Philippe Winthrop
Managing Director, The Enterprise Mobility Foundation

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Tablets are the most effective mobile form factor. Tablets—by design—strike the balance between the usability of a laptop and the portability of a smartphone. While mobile operating systems continue to improve, their power will always remain partly untapped on a 3- to 4-inch screen. The additional real estate provided by a 7- to 10-inch tablet screen ensures that applications run well, workers are productive and computer bag straps never snap.

Tablets improve employee efficiency and customer satisfaction in new ways. Laptops and smartphones have started to mobilize industries such as healthcare and hospitality, as well as verticals where field work is common. But tablets bring unprecedented power, ease and style. With a tablet, a physician can look up patient medical records while making rounds, improving quality of care. In a hotel, tabletwielding concierges can register guests for events or dinner reservations, increasing revenues and guest (customer) satisfaction. Field service technicians can see their next appointments and pull up technical documents while performing a repair, minimizing the number of visits required to complete a service ticket. In all of these cases, operational efficiency increases, as does customer satisfaction. Tablets remove the need for the stylus. Today’s smartphone touch screen excels in many areas, but precision data entry is not one of them. Filling out intricate forms remains easier with a stylus, especially in dusty, dirty environments. But in

With a tablet, a physician can look up patient medical records while making rounds, improving quality of care.
Tablets will finally bring to life the dream of mobile unified communications. Unified communications (UC) is another technology that has been around for some time but has only recently made market inroads. Small tablets will be able to integrate into a desk phone and provide a vibrant virtual keypad when docked. When fully mobile, the tablet (with its high-definition screen) will allow mobile telepresence through its built-in webcam. UC is about more than videoconferencing; it’s about collaboration. As software and networks catch up to tablets, we’ll soon be able to talk to colleagues while editing the same document—something impractical on smaller smartphones.

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non-extreme environments, touch-based tablets are large enough that fingers become a sort of “organic stylus.” Seemingly trivial at face value, this capability enables tablets to offer an attractive middle ground between touch-based smartphones and stylus-based devices. Tablets make the mobile Internet bidirectional. Smartphones have certainly been revolutionary, but they still by and large provide only a means to consume information from the Internet. The tablet’s larger size and precision mean that workers will be more willing to create content on their mobile devices. Emails will go from being short responses to more substantive correspondence with attached documents created on the tablet. Individuals will also be more adept at entering information into a corporate application—such as a customer relationship management (CRM) application, enterprise resource planning (ERP) system or human resources (HR)-oriented time-and-expense application— using a tablet. Making it easy for employees to move data to and from their tablet is something the smartphone lacks. This added dimension of a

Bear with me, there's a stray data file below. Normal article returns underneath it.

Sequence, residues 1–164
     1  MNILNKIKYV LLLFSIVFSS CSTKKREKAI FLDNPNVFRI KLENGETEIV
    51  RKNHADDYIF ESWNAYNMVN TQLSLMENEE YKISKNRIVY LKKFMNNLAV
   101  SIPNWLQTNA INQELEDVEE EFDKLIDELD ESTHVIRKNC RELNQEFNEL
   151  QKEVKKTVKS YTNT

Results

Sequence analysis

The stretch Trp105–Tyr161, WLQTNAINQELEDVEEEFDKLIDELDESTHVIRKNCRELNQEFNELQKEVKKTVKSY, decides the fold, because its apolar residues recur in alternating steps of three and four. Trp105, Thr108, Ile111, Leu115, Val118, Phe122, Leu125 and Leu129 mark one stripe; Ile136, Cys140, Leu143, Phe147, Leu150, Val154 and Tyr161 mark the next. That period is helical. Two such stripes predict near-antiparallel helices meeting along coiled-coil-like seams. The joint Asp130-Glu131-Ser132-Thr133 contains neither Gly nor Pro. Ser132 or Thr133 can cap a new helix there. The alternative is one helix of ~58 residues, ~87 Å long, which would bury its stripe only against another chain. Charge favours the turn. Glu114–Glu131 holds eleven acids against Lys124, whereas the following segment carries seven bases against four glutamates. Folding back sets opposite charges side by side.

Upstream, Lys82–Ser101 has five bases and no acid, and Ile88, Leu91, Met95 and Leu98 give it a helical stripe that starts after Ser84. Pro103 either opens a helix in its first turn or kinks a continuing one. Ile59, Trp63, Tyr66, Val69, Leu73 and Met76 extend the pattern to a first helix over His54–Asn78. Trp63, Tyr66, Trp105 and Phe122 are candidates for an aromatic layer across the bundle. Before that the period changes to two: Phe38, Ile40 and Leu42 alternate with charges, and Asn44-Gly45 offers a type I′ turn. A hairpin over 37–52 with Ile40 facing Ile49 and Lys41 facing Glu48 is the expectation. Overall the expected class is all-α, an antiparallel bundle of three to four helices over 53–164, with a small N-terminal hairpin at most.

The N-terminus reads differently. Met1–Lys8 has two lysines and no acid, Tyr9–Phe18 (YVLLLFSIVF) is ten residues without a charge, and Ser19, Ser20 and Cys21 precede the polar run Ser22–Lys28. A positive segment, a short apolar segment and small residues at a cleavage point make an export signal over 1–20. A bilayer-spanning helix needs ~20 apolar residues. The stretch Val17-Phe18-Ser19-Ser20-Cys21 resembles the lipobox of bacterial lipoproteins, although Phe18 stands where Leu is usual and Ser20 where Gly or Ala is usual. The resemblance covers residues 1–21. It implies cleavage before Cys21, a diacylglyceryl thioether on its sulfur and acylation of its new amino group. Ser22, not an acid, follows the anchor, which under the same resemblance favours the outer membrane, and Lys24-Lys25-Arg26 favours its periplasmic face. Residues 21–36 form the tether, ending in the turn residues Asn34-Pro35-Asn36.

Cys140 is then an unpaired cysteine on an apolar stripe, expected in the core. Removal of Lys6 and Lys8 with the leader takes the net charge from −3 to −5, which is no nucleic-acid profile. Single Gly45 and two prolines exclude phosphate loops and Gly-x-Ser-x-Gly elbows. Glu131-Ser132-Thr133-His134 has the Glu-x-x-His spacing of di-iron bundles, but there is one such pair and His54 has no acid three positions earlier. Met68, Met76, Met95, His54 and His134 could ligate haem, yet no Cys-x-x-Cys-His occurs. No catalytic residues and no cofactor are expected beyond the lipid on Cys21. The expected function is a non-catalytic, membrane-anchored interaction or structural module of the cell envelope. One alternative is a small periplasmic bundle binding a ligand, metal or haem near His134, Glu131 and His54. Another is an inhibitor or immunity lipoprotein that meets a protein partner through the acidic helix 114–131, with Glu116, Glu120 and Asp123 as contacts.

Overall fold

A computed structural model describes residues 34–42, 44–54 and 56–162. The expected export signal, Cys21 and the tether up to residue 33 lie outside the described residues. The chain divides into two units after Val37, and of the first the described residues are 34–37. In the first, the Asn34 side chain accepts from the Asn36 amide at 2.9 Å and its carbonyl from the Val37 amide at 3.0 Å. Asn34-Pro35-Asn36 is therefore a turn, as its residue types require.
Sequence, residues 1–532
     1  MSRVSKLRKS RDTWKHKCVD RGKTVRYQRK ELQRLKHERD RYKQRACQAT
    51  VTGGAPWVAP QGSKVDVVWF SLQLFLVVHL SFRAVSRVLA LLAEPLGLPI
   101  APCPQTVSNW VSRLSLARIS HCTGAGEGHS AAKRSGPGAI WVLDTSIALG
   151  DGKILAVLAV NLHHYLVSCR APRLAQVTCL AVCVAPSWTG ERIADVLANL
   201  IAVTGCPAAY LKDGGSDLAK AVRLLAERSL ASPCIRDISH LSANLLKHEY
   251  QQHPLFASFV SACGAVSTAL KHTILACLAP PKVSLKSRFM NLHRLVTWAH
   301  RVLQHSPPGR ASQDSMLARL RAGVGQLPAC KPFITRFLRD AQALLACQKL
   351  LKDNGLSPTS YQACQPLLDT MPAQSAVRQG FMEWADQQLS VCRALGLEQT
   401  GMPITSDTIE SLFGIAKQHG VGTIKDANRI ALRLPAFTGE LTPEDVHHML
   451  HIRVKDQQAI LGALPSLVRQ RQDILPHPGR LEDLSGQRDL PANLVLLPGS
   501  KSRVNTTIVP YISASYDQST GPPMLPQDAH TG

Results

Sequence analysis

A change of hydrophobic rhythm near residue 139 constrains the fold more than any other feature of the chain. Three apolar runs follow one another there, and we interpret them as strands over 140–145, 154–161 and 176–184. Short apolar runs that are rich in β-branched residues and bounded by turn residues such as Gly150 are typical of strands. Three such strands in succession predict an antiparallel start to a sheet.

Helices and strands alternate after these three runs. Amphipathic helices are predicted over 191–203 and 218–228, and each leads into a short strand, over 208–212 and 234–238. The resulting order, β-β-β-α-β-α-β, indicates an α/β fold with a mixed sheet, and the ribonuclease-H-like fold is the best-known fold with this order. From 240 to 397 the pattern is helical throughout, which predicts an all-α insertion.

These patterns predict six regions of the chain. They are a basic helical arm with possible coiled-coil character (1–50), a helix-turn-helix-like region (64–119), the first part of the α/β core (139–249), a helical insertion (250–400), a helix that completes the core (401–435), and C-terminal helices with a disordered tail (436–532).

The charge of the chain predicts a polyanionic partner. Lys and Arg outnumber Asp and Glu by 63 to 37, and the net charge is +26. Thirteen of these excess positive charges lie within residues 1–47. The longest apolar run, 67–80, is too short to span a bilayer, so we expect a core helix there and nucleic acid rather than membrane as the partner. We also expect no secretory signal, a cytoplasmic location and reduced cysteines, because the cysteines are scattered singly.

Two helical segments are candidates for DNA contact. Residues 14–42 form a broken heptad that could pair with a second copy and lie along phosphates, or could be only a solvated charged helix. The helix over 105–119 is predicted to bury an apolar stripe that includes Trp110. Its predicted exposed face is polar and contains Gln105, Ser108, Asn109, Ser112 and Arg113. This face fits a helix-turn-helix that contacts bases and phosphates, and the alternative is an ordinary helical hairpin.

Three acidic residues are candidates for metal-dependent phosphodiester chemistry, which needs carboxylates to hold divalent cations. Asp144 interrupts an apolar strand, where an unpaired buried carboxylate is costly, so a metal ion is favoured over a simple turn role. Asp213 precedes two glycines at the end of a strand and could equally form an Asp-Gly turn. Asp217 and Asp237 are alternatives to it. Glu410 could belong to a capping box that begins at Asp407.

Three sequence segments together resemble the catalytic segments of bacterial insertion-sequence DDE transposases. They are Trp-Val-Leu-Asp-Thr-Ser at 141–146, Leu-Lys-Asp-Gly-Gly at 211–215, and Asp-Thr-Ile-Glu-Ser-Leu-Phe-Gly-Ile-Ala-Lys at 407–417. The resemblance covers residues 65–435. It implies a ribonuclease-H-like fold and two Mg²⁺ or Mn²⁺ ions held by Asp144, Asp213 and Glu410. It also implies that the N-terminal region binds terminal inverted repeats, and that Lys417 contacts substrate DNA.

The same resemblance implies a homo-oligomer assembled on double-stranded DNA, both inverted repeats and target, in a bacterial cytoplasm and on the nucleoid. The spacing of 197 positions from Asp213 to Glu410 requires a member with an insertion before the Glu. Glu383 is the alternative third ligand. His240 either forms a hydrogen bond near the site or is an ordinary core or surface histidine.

The tablet’s larger size and precision mean that workers will be more willing to create content on their mobile devices.
tablet will increase the business velocity of the mobilized workplace. Tablets, mobile Internet devices, slates, slabs: Whatever we call them, this generation of tablet computers has finally been accepted as a credible and viable solution for the mobile application paradigm in the enterprise. This acceptance, combined with virtually ubiquitous wireless wide area network (WAN) and local area network (LAN) coverage and the recognition that mobile enterprise applications can provide an increasing value to employees and organizations, suggests that tablets will drive forthcoming trends in enterprise mobile computing. n After spending almost 15 years in various market research roles, Philippe Winthrop is now the founder and managing director of The Enterprise Mobility Foundation, the organization behind The Enterprise Mobility Forum. The forum is the fastest growing social network and content portal exclusively dedicated to enterprise mobility. Winthrop is a frequent commentator and speaker on enterprise mobility strategy, management and applications for the mobile enterprise.